gadroon

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ga·droon

 (gə-dro͞on′)
n.
1. Architecture A band of convex molding carved with ornamental beading or reeding.
2. An ornamental band, used especially in silverwork, embellished with fluting, reeding, or another continuous pattern.

[Early Modern English gooderoon, gaudron, from French godron, from Middle French, from Old French goderon : god- in godet, drinking vessel without a base or handle (such vessels being frequently ornamented with gadroons in medieval times; from Middle Dutch kodde, cudgel, staff, cylindrical piece of wood; akin to Frisian kudde, cudgel) + -eron, diminutive suffix (from Old French -ier, -er, noun suffix, from Latin -ārius, noun suffix + Old French -on, diminutive suffix, from Latin -ō, -ōn-, hypocoristic suffix).]

ga·drooned′ adj.
ga·droon′ing n.

gadroon

(ɡəˈdruːn) or

godroon

n
1. (Antiques) a moulding composed of a series of convex flutes and curves joined to form a decorative pattern, used esp as an edge to silver articles
2. (Architecture) architect a carved ornamental moulding having a convex cross section
[C18: from French godron, perhaps from Old French godet cup, goblet, drinking vessel]
gaˈdrooned, goˈdrooned adj

ga•droon

(gəˈdrun)

n.
1. an elaborately carved or indented convex molding.
2. a series of curved, inverted flutings, or of convex and concave flutings, used esp. as a decorative edging on articles of silver, earthenware, wood, etc.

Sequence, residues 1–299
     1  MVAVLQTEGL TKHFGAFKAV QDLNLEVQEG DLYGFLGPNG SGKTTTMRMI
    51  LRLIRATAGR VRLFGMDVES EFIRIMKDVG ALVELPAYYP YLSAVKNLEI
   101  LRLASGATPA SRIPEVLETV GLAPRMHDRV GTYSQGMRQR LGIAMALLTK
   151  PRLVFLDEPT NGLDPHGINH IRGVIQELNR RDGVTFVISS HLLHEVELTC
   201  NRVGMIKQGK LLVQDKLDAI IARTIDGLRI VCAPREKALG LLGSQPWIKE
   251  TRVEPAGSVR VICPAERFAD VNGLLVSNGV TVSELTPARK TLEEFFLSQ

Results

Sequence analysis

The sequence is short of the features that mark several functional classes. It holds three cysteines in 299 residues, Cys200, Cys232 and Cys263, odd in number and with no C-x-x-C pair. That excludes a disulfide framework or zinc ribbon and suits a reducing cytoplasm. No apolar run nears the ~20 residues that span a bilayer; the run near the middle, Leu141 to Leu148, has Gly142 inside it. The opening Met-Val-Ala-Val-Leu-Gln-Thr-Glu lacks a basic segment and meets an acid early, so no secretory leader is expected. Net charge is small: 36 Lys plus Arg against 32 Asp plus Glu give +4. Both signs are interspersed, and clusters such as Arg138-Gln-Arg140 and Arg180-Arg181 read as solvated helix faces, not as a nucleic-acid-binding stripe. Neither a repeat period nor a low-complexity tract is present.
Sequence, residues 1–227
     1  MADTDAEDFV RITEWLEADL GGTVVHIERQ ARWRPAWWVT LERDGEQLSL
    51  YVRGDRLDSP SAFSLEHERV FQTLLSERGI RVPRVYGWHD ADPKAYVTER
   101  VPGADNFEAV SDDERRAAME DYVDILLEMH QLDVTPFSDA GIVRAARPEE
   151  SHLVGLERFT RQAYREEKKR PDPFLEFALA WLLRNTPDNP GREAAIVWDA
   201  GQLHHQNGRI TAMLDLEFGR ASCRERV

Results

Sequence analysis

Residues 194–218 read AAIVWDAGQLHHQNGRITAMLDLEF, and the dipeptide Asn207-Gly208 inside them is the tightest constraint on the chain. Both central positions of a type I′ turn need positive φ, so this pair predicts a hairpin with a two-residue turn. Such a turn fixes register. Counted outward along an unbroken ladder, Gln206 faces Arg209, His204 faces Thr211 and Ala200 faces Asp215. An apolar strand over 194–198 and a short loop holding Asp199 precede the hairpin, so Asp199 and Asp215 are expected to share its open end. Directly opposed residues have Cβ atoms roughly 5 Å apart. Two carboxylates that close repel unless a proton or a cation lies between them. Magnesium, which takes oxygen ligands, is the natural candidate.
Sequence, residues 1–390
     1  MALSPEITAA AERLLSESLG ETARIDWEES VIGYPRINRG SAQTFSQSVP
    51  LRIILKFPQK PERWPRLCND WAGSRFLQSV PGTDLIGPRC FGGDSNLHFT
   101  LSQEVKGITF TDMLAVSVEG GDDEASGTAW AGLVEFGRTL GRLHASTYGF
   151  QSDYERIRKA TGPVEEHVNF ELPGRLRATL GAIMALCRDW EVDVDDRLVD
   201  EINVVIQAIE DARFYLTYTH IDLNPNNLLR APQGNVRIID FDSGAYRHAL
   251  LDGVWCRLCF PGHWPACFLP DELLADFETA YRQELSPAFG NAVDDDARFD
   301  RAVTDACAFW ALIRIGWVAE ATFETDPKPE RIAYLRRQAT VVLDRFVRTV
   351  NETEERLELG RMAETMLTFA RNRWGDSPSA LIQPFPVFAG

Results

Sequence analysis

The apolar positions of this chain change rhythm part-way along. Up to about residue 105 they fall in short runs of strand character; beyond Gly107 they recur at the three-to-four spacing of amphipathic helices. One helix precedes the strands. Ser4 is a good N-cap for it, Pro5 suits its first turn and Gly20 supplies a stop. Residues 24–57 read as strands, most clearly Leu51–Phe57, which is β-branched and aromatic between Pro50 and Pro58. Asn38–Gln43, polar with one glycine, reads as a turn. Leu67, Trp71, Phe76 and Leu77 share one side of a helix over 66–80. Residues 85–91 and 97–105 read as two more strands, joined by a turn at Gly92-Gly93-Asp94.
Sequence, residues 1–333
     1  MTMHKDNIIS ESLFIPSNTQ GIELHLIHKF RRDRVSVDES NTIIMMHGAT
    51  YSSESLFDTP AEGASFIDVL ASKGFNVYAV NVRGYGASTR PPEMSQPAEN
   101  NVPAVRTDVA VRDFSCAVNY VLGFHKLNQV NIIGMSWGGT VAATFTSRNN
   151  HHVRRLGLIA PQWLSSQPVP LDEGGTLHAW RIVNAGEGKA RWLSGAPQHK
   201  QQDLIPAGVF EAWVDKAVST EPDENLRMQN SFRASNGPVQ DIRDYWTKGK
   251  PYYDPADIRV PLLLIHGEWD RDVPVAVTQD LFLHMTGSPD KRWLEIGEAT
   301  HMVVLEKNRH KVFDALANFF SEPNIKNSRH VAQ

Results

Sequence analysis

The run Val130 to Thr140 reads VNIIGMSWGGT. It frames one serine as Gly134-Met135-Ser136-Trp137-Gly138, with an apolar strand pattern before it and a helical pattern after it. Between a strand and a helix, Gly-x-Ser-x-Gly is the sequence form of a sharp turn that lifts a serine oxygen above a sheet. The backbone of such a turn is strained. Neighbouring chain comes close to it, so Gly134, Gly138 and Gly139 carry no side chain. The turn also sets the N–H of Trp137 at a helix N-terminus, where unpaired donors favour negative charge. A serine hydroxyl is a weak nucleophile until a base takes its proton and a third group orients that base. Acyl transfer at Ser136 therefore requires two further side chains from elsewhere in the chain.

[1715–25; < French godron, Middle French goderon]
References in periodicals archive ?
From the delicate hues favored by the maison's master enamelers to the gadrooned pattern around the rim of the dial that, much like a hem, lends each timepiece its structure, the techniques pay homage to the tradition and culture of bespoke tailoring.
Mostly circular, oval or rectangular in shape, they are decorated on top with embossed birds, animals, crowns, fruits and flowers and their sides are fluted or gadrooned.
Especially notable are the gadrooned vases with thin double handles sprouting stiffly drawn pomegranates.
Whether a piece reflects the austerity and weight of the early Georgian period, the wit and imagination of the rococo, the restraint and elegance of the neoclassical period or the gadrooned brilliance of the Regency/George IV period, it must be outstanding in every respect--condition, quality, rarity, provenance--to achieve these prices.
This is a lovely silver oval sweetmeat basket, circa 1763, with pierced stars and quatrefoils, embossed beads, shaped gadrooned border and pierced handle.